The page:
No silicosis risks and good dust management now shown
People living near quarries in Yaldhurst near Christchurch are now confirmed as having no reason to fear being exposed to dust that can cause the dangerous lung disease of silicosis, says the National Health and Safety Council for the mining and quarrying sector, MinEx.
The Aggregate and Quarry Association says the results of the combined ECan, CCC and CDHB Yaldhurst area wide testing near Canterbury quarries shows dust issues can largely be managed within existing resource consents.
MinEx CEO Wayne Scott says the combined agency testing near quarries that were at the centre of silicosis claims, now confirm no evidence that the active cause of silicosis – Respirable Crystalline Silica – is present at levels that would cause any harm. New Zealand’s limit on RCS is 0.1mg per cubic metre, among the world’s lowest.
“If there’s any risk of RCS exposure it’s to quarry workers, not neighbours, who most often are at least 100 metres from a quarry face, with a huge amount of air space between them. MinEx continues working with quarries and WorkSafe to reduce any risk to quarry workers,” says Mr Scott.
“It needs to be understood that all dust is recorded. This includes diesel particulates, and dust from roads, farms and riverbanks – not just dust created by quarries.”
“That said, while many quarries have good dust management in place, all operators need to continue to lift their game, because any dust that emerges from a quarry – as from any farming or earthmoving operation – is annoying to close neighbours.”
Mr Scott says Canterbury quarries are currently working on a voluntary Code of Practice that will provide councils and residents with reassurance that issues such as nuisance dust can continue to be properly managed.
The Aggregate and Quarry Association chair Brian Roche welcomes the Canterbury dust test results.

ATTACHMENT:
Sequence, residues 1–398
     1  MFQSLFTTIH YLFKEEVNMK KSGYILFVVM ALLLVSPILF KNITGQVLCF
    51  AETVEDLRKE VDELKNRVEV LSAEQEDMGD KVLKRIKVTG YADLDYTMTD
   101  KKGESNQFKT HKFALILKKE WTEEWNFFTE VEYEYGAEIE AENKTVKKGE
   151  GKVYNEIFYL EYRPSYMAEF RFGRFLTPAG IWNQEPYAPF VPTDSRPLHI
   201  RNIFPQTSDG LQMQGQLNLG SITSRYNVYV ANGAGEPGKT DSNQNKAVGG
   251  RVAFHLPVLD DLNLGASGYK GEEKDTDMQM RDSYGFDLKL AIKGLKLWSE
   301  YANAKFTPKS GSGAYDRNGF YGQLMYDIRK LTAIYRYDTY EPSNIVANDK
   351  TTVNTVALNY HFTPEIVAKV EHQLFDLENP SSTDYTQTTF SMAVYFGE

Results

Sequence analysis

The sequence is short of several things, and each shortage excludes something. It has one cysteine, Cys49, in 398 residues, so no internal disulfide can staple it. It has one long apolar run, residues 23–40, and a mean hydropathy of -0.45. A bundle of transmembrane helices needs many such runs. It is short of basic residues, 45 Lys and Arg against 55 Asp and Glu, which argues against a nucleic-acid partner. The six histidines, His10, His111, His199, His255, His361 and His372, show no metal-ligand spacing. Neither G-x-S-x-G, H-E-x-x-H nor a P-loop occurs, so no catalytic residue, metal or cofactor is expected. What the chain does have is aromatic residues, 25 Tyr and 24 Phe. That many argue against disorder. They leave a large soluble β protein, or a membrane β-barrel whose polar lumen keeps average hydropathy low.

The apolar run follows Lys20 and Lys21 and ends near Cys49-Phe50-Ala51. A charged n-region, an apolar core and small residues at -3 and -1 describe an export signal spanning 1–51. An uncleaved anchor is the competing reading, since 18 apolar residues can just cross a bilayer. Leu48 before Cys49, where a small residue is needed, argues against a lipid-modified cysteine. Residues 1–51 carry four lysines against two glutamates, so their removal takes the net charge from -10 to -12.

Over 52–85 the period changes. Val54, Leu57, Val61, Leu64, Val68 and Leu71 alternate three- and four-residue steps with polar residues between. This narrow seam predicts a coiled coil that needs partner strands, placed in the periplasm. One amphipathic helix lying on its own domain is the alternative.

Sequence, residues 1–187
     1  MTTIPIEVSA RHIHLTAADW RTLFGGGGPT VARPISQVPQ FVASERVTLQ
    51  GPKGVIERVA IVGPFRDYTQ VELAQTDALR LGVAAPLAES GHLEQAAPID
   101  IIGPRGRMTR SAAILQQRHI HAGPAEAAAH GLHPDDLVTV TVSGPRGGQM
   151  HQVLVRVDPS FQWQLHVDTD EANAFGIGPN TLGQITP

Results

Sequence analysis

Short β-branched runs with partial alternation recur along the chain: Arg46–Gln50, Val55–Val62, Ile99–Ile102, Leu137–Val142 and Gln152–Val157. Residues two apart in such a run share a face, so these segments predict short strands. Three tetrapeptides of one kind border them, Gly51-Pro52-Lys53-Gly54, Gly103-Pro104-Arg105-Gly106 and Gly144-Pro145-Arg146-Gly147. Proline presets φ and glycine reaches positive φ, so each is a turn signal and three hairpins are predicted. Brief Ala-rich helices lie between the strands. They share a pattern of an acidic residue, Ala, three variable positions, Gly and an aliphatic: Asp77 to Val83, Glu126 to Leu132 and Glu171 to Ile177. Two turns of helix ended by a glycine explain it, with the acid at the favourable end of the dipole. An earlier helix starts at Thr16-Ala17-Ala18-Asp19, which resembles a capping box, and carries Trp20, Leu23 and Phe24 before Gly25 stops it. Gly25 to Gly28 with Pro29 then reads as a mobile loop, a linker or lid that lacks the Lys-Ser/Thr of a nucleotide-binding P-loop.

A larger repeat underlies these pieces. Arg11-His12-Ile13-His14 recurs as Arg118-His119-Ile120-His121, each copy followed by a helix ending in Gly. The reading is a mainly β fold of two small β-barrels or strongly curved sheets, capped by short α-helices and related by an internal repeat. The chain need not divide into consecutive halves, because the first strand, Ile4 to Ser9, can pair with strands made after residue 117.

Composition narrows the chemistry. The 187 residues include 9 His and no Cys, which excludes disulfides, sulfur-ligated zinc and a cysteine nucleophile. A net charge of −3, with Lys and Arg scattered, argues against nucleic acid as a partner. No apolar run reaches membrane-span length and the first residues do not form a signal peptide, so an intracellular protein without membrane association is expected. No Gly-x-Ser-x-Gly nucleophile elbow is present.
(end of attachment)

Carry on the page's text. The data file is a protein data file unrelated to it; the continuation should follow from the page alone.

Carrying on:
“We’ve had a lot of claims made about dust, and now we have the facts. Most of our members work hard to meet dust limits set by councils as part of a resource consent, along with controls on noise and traffic movements.”
“These results show dust can be managed under existing planning law. If quarries were pushed well into the rural hinterland, that would increase the cost of every home, building and road, because the big cost in quarrying is transport.
“Christchurch alone needs to set aside the equivalent of 27 rugby fields (27 hectares) every year, just to keep up with demand. Sources of aggregate need to be kept close to what’s being built or costs escalate markedly.”
Mr Roche says from next year onwards, national supplies of aggregate will begin to be exceeded by demand, amid ongoing issues to get new quarries or extensions consented.
“The AQA would like to engage with the new Government, as it commences its home building and transport programmes, to ensure a continued supply, at reasonable cost, of the very foundation of the New Zealand economy.”
“On the back of these monitoring results, our industry also wants to engage with Canterbury councils, so we can discuss how we can work together to ensure dust, noise and transport issues from quarries are framed and managed under appropriate management practices, and ultimately resource consents.”